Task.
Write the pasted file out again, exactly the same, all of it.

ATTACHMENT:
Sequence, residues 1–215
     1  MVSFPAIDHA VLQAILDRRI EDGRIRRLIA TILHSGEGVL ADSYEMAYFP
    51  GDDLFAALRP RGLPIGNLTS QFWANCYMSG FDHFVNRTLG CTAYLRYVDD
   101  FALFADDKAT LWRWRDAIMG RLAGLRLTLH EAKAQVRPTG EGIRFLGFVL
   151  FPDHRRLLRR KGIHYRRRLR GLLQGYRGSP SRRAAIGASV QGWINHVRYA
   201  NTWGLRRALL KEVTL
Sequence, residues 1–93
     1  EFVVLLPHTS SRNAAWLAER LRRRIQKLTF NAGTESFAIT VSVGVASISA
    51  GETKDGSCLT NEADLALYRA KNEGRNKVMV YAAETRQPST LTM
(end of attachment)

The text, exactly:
Sequence, residues 1–215
     1  MVSFPAIDHA VLQAILDRRI EDGRIRRLIA TILHSGEGVL ADSYEMAYFP
    51  GDDLFAALRP RGLPIGNLTS QFWANCYMSG FDHFVNRTLG CTAYLRYVDD
   101  FALFADDKAT LWRWRDAIMG RLAGLRLTLH EAKAQVRPTG EGIRFLGFVL
   151  FPDHRRLLRR KGIHYRRRLR GLLQGYRGSP SRRAAIGASV QGWINHVRYA
   201  NTWGLRRALL KEVTL
Sequence, residues 1–93
     1  EFVVLLPHTS SRNAAWLAER LRRRIQKLTF NAGTESFAIT VSVGVASISA
    51  GETKDGSCLT NEADLALYRA KNEGRNKVMV YAAETRQPST LTM